Initially, I came out as sexually fluid, mainly because that’s how I understood my sexuality at the time. But my explanations to family members were cushioned in homophobic phrases like “but don’t worry, I’m not a lesbian or anything, I just date who I want.” My sexuality was really new to me, and over time, it began to evolve. Once I started college, I began to study queerness in an academic way. I was surrounded by people who were so sure of themselves and their identities, in an environment that celebrated diversity in sexuality and gender.
Throughout my college career, I dated, I learned, I read, I talked, I immersed myself in queer culture, and I found security in a queer identity. It took a few years and a constant learning and relearning of who I am and what my identity is at varying points in my life, and then conveying those new identities to my family after my first coming out. Even now, I frequently find myself having to come out in different ways. No, I’m not walking down the streets of New York, looking at strangers and shouting “I’M QUEER, LET’S PARTY.” But my clothing, my hair, my partners, my friends, the spaces I occupy, and the way I move through the world all join together to create a visible queerness. In a sense, I’m always coming out.
My coming out was like peeling a bandaid off in the slowest way possible. But looking back, that time really helped me be present in each step of my process. The initial “coming out” might not be the final one. Everyone moves at different paces. As lucky as I was to have a network of people who supported me unconditionally, the relationship I had with myself and my physical appearance wasn’t always easy. Over the course of my coming out journey, I went from being someone who exclusively presented as “conventionally feminine” and “traditionally straight” to someone who plays with gender confidently and comfortably. In taking the time to really figure out what my sexual identity is, the way I perform my gender has changed, too. My queerness interacts heavily with my physical appearance; sometimes that means wearing a floral dress and sometimes it means going for a snapback and a cutoff. Coming out was a slow breakaway from who I was to who I wanted to be, and having my outer appearance reflect my internal identity. It might happen overnight, or it might happen over a span of a few years. At the end of the day, though, giving yourself (and others) patience, love, and support is alway the best way to ensure a smooth coming out process—no matter how long it takes.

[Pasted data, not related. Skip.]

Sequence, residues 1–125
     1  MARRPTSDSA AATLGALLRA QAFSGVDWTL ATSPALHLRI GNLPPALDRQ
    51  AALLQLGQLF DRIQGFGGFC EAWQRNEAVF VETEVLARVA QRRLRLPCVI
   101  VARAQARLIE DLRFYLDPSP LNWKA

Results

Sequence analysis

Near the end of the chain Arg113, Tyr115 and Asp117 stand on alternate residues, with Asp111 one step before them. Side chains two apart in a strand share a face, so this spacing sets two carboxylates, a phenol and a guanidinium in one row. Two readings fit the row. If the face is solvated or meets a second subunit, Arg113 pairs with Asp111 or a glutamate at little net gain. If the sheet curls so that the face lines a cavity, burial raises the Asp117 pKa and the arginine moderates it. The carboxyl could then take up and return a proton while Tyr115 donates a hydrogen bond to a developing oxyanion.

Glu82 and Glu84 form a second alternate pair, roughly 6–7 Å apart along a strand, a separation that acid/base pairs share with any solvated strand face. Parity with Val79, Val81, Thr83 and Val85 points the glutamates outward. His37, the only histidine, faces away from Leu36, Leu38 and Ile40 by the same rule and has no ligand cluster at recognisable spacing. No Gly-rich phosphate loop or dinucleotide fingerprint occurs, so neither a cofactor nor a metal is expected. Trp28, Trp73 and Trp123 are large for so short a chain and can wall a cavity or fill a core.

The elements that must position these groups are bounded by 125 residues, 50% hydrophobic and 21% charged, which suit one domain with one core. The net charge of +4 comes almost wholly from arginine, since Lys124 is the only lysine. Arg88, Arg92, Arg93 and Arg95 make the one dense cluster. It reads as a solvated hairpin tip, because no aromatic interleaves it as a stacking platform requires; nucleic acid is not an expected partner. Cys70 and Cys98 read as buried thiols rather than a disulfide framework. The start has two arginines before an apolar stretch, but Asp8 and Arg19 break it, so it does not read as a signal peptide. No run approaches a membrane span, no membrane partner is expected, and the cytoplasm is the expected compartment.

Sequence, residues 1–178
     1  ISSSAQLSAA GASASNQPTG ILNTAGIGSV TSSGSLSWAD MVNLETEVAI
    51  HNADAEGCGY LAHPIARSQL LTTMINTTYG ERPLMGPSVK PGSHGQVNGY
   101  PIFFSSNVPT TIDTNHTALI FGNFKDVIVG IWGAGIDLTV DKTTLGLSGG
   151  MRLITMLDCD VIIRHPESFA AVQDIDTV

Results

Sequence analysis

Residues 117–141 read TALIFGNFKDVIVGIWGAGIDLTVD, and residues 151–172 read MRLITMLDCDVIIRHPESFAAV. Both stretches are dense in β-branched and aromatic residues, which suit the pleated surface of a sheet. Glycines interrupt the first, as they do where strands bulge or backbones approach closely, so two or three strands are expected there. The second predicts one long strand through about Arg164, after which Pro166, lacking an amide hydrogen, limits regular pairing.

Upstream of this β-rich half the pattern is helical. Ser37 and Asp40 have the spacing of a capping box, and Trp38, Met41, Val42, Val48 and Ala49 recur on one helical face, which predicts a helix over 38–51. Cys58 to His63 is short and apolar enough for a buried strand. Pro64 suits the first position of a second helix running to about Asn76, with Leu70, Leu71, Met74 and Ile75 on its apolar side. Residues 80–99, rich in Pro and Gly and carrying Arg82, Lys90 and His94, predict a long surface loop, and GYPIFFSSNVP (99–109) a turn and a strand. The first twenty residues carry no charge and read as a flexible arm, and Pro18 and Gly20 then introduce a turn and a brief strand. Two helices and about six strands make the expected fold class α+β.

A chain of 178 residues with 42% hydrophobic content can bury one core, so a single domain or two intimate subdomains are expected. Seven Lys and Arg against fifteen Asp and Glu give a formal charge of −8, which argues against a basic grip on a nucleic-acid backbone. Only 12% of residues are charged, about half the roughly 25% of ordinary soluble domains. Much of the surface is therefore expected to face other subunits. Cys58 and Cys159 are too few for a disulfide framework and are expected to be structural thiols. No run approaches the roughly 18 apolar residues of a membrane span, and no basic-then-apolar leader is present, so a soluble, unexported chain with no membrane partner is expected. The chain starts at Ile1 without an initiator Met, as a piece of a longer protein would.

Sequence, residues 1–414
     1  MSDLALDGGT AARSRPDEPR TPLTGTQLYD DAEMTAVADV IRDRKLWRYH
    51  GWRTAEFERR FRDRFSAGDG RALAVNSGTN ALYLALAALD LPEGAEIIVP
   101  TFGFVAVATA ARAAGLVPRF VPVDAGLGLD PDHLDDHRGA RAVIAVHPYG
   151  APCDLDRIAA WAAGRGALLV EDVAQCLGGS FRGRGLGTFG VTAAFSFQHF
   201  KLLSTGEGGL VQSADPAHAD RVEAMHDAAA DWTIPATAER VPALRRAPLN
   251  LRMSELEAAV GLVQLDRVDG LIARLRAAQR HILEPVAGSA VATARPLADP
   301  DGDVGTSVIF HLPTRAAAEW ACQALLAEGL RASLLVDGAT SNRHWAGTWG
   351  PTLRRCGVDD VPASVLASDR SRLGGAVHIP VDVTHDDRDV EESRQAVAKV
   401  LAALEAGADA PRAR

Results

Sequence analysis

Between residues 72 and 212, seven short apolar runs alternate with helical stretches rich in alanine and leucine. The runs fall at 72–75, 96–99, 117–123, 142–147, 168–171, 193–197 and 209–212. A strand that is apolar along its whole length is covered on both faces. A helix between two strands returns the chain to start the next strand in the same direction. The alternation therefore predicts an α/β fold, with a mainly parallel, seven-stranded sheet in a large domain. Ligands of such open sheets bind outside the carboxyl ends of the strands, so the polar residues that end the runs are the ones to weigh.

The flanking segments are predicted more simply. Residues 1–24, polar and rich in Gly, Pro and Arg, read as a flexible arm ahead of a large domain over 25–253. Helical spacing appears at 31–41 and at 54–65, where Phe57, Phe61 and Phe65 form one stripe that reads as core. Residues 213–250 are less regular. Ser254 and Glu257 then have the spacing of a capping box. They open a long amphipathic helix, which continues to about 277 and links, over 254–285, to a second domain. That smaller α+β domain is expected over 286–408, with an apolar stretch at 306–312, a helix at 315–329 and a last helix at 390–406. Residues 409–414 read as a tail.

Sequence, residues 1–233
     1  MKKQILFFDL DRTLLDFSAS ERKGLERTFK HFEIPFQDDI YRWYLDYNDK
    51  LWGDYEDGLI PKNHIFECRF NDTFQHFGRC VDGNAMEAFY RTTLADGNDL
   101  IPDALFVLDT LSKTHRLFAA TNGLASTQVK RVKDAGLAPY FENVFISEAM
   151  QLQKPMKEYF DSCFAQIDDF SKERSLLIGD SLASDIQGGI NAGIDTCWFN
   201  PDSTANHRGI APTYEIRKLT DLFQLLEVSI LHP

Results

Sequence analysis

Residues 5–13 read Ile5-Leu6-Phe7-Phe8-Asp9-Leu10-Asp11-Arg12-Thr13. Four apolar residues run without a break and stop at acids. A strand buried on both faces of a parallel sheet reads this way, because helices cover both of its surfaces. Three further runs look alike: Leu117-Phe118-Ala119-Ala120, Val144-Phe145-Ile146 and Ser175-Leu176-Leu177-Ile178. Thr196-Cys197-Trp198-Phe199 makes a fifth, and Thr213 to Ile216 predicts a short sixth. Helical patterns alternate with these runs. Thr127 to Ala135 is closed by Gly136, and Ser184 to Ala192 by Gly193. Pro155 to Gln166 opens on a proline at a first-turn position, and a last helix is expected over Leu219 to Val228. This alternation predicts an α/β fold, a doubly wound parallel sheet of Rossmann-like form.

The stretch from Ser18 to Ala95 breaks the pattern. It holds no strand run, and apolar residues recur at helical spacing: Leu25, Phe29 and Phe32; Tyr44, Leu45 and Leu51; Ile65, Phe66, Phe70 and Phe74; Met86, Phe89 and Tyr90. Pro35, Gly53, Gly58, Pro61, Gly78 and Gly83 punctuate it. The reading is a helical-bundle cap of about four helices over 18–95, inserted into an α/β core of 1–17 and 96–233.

Sarah Simon has been writing for My Kid Is Gay for two years. She is an ENFJ/ Sagittarius who usually can be found with body glitter on her face and English Bulldogs on her mind. Sarah is a graduate of Sarah Lawrence College, where she studied Queer Theory and Psychology. She is currently a candidate for her MA in Women’s History at Sarah Lawrence. In between pots of very strong coffee, Sarah makes rad mix tapes for her friends, cooks fun vegetarian food, and cackles at the thought of destroying the patriarchy. Follow her on Instagram @glitterpawzz and on Twitter @misssaraheliz